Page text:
After spending 37 years in the toy & licensing community, you might be forgiven for thinking that nothing would surprise me. Au contraire, almost every week I find myself coming across a particular development or piece of news that catches me unaware. For example, take the recent acquisition of Talking Tom & Friends by Chinese consortium United Luck. If the rumours of Wayne Rooney being offered £1m a week to play football in China suggest that the country has a surplus of cash and a surfeit of common sense, it is pocket money compared to the $1 billion paid for Tom and his mates. Now don’t get me wrong, it’s a nice little property with hitherto unfulfilled potential, but $1 billion…really?!
No less unfathomable is the rumoured acquisition of Makie Lab – makers of custom 3D printed dolls – by Disney. Like a lot of modern day cutting edge technology-driven companies, the big challenge the owners of Makie Lab have always faced is how to turn it into a viable, sustainable business. Maybe the clout of Disney will make a difference. Except I foresee a potential flaw: given Disney’s labyrinthine approval process, every doll design submitted will surely be turned down and returned with 100 suggested changes. By the time a design is finally approved, the child who originally wanted the doll will probably just be finishing university….
Perhaps less surprising was the news that Toys R Us has laid off 250 people – 15% of its head office workers – in the US. It has been repeatedly said that the global toy industry needs Toys R Us, and it has certainly been suggested to me in the past that the largest American toy companies would do whatever it takes to keep it trading – the ‘too important to fail’ argument. But despite bold claims in the run-up to the festive season, its performance failed to live up to expectations, so further cost-cutting was sadly inevitable. Let’s hope these job losses are the extent of the necessary pruning.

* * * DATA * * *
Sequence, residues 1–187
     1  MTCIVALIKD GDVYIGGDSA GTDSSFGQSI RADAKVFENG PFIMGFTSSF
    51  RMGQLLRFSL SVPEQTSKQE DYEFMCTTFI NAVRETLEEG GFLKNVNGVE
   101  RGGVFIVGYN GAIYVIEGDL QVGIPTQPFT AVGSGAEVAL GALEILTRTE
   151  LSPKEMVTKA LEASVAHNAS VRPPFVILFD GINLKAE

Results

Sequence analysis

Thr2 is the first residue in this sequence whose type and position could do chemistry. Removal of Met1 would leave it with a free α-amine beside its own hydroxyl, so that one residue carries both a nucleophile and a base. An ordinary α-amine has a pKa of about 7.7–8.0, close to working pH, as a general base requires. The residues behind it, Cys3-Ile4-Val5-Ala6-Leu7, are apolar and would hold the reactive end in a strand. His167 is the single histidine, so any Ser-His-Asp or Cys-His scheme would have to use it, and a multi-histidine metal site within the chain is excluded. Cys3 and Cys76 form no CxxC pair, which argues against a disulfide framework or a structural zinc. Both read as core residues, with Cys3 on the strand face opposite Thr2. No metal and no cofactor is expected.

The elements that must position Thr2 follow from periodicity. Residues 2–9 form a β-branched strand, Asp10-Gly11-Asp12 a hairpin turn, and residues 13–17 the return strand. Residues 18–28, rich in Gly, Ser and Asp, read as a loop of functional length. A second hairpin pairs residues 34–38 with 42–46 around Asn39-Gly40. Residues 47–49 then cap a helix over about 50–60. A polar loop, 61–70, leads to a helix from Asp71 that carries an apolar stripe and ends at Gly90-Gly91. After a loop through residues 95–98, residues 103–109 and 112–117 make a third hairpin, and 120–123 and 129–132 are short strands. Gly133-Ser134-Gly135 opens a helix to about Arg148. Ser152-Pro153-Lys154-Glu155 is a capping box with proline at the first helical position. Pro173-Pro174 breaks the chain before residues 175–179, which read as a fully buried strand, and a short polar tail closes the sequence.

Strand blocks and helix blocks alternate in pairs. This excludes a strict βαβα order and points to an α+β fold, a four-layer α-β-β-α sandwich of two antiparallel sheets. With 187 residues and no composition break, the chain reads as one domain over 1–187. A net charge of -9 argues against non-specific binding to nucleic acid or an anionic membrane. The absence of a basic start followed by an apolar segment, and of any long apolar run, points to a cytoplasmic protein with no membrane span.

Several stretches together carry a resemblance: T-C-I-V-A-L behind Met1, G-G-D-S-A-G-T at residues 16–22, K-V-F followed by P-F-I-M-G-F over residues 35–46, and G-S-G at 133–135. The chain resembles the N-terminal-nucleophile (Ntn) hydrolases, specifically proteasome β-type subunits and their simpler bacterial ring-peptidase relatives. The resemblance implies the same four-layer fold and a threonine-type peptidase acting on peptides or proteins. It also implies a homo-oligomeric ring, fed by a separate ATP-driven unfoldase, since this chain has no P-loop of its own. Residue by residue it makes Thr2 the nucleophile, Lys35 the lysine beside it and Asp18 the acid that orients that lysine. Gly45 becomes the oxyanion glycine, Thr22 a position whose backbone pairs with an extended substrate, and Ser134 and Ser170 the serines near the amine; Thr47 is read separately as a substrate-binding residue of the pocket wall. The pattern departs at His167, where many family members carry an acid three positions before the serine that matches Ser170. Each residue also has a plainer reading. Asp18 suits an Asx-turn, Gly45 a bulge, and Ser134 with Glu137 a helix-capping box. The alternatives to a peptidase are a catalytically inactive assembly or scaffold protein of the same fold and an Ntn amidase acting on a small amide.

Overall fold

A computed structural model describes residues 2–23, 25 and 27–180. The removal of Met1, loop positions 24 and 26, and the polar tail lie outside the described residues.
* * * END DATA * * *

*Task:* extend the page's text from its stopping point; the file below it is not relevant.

More positively, it was no great shock to see The Entertainer continuing to expand its store count, with new outlets shortly to open in Northampton and Truro. Gary Grant has always maintained that there is no shortage of options when deciding where to open new stores. Indeed, his belief that tough economic conditions make it easier for him to negotiate deals with landlords may mean he has a field day over the next few years.
And it’s not just the economic conditions which are a concern to High Street retailers this year. I’ve written plenty about the ongoing challenges they face from the online channel – let’s not be coy, Amazon – and from discounting by major retailers. But 2017 will see a major new threat in the form of the imminent business rate revaluation. The media has been awash with people lobbying the government to reconsider the proposed changes. For the sake of any toy retailers who find themselves facing huge hikes, I hope that the government decides to rethink its strategy. The principle that some independents are being asked to accept massive increases, while the big four supermarkets and Amazon are getting substantial reductions, seems utterly perverse. Even these dolls I saw in Nuremberg seem astonished by just how ridiculous that idea is (and I bet that is not the last thing they’ll be astonished by this year either)…